I found that to be true when I was accosted by a man who was insisting I had to be a Sri Lankan, but was refusing to acknowledge my origins. When he got too bothersome, I raised my voice and the police were there in seconds. Since he had not molested me in anyway, I told the police – but they still looked at him suspiciously for insisting I was a Sri Lankan.
I left the site and do not know if he was hauled up but I had never felt safer than in my own country.
Why are Indian men of today such louts and boors? And by that I mean our fathers, uncIes, brothers and contemporaries were not so. In fact, they were gentlemen every which way. It is my personal belief that that is because they were fresh out of the British traditions and values, so knew how to stand up for women, hold doors for them, seat the women first and never manhandle the fairer sex.
By contrast, the last decade, particularly social media has been full of a certain kind of Hindu men who can call a journalist who has just been killed by Sanatanis a 'kutiya' with impunity, simply because she espoused a different ideology; threaten to rape women journalists, describe their parents as pimps and prostitutes, put up Muslim women for auction—and if they are in close proximity to women, Western or otherwise, you can imagine the molestation that will ensue.
And I believe this comes from the very top. From the RSS who do not have any women of consequence in their ranks, use women only to wash or press their feet, believe they should never compete with men, just serve their husbands. And if they defy all these diktats, well, they are up for some game and sport by the men. Not a very attractive society, I must say.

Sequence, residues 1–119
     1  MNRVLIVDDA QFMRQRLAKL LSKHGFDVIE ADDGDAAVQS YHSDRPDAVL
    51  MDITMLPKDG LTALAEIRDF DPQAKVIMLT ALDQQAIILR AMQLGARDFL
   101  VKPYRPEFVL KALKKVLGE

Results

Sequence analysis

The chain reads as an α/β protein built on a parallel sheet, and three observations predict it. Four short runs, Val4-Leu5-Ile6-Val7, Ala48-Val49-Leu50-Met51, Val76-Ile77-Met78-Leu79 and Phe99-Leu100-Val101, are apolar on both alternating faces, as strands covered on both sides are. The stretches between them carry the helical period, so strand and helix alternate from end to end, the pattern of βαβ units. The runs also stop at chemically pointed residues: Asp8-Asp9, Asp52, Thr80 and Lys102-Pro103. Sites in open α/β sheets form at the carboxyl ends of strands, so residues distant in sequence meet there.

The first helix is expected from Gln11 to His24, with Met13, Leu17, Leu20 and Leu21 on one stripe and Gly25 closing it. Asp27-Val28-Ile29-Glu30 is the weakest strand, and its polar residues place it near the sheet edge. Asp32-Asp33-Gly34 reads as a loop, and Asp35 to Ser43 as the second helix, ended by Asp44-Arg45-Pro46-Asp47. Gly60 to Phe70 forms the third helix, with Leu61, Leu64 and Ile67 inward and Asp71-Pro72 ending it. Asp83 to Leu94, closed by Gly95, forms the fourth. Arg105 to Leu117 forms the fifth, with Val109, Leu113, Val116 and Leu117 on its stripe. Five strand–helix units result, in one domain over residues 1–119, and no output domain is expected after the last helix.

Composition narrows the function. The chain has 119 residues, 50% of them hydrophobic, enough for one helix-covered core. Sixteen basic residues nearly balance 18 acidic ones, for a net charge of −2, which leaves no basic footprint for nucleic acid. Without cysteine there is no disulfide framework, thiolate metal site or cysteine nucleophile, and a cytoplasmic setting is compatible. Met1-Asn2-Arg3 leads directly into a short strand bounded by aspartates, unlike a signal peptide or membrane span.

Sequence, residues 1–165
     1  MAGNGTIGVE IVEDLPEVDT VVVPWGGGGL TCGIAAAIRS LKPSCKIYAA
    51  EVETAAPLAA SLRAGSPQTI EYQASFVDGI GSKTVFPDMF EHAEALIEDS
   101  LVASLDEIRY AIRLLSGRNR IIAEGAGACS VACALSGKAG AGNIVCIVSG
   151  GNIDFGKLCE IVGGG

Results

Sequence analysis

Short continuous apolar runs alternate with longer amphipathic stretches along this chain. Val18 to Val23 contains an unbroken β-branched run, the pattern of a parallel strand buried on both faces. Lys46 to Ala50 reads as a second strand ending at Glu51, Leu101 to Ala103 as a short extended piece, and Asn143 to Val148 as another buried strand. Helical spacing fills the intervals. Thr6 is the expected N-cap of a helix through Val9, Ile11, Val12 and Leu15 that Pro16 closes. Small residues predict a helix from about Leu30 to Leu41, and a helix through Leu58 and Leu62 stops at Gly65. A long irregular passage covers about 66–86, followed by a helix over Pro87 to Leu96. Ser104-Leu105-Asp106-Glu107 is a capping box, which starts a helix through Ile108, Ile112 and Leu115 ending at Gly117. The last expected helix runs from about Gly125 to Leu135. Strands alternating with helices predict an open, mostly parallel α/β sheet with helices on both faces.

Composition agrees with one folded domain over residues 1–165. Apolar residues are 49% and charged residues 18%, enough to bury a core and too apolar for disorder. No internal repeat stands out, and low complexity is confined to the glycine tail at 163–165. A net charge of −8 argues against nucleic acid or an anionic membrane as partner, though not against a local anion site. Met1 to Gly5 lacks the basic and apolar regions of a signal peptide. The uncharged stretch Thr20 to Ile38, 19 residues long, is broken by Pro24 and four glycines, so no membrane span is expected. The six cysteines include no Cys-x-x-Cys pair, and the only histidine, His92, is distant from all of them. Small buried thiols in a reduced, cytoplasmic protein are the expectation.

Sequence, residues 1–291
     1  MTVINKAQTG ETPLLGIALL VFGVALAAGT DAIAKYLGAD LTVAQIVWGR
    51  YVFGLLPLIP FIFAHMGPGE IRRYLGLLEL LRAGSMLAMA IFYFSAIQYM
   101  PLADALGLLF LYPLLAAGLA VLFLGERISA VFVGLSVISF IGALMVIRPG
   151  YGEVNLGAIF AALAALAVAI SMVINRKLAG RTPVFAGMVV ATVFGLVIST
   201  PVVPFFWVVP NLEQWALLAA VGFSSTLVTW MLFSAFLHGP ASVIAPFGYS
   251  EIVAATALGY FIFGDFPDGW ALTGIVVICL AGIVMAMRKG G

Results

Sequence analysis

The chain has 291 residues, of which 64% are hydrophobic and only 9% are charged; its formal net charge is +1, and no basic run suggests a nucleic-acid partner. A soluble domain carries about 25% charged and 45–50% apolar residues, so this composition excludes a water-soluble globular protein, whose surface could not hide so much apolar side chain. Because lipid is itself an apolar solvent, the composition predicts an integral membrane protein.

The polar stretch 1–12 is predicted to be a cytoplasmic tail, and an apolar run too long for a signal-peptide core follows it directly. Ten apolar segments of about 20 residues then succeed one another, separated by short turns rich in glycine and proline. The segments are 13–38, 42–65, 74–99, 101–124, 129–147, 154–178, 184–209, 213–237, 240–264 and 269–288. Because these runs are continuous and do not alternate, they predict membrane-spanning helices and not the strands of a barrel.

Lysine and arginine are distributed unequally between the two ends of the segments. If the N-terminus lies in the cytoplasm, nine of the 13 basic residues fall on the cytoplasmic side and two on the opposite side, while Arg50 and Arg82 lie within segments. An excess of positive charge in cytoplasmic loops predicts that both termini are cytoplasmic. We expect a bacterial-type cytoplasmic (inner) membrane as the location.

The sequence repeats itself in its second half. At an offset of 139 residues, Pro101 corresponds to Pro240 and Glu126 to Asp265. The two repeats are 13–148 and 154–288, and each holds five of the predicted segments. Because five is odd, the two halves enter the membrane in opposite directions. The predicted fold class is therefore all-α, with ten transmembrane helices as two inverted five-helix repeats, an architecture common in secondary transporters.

Look at Narendra Modi, the prime minister of a country he believes is steeped in ancient culture but who can call a woman a 50-crore girlfriend simply because she is rich in her own right, or label the respected woman leader of a major political party a Jersey cow simply because she is not born in India.
But there are contrasts even among our leaders. Since this is also Women’s Day week, Sharad Pawar of the Nationalist Congress Party, needs mention. He brought a law that enables women to shut down liquor shops in villages after a referendum in case those outlets were destroying their family lives.
With just one daughter, he was sensitive enough to inform me very clinically that I should use his bathroom just before boarding a helicopter on a campaign that might last six hours or more in the villages and we might not encounter civilisation before evening. So, I should not be in trouble before then.
Then there was Gopinath Munde of the BJP who invited me and another woman reporter to cover his campaign and kept us on the road from 6 am to 6 pm in the winter months. When we could stand it no longer and asked for a bathroom break, he sent us into the sugarcane fields. We refused and he said, rather unfeelingly, “We go like this only.”
We preferred to suffer the discomfort rather than the indignity. And he was the father of three daughters.
So, I believe, men must lead by example, as our fathers and uncles did. Our brothers and cousins are better men for that and so are their sons. But with cultural values decaying under the current regime, I wonder how long it will be before most nations, and not just Mills and Boon, will begin to take note of the fact that most Indian men are nothing much to write (home) about.